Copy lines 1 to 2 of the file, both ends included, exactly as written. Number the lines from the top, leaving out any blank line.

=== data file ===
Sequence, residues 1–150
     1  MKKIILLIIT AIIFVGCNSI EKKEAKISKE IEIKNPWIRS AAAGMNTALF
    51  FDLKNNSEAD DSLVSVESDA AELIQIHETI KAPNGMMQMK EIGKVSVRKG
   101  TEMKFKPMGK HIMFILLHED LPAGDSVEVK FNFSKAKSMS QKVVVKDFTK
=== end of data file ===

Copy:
Sequence, residues 1–150
     1  MKKIILLIIT AIIFVGCNSI EKKEAKISKE IEIKNPWIRS AAAGMNTALF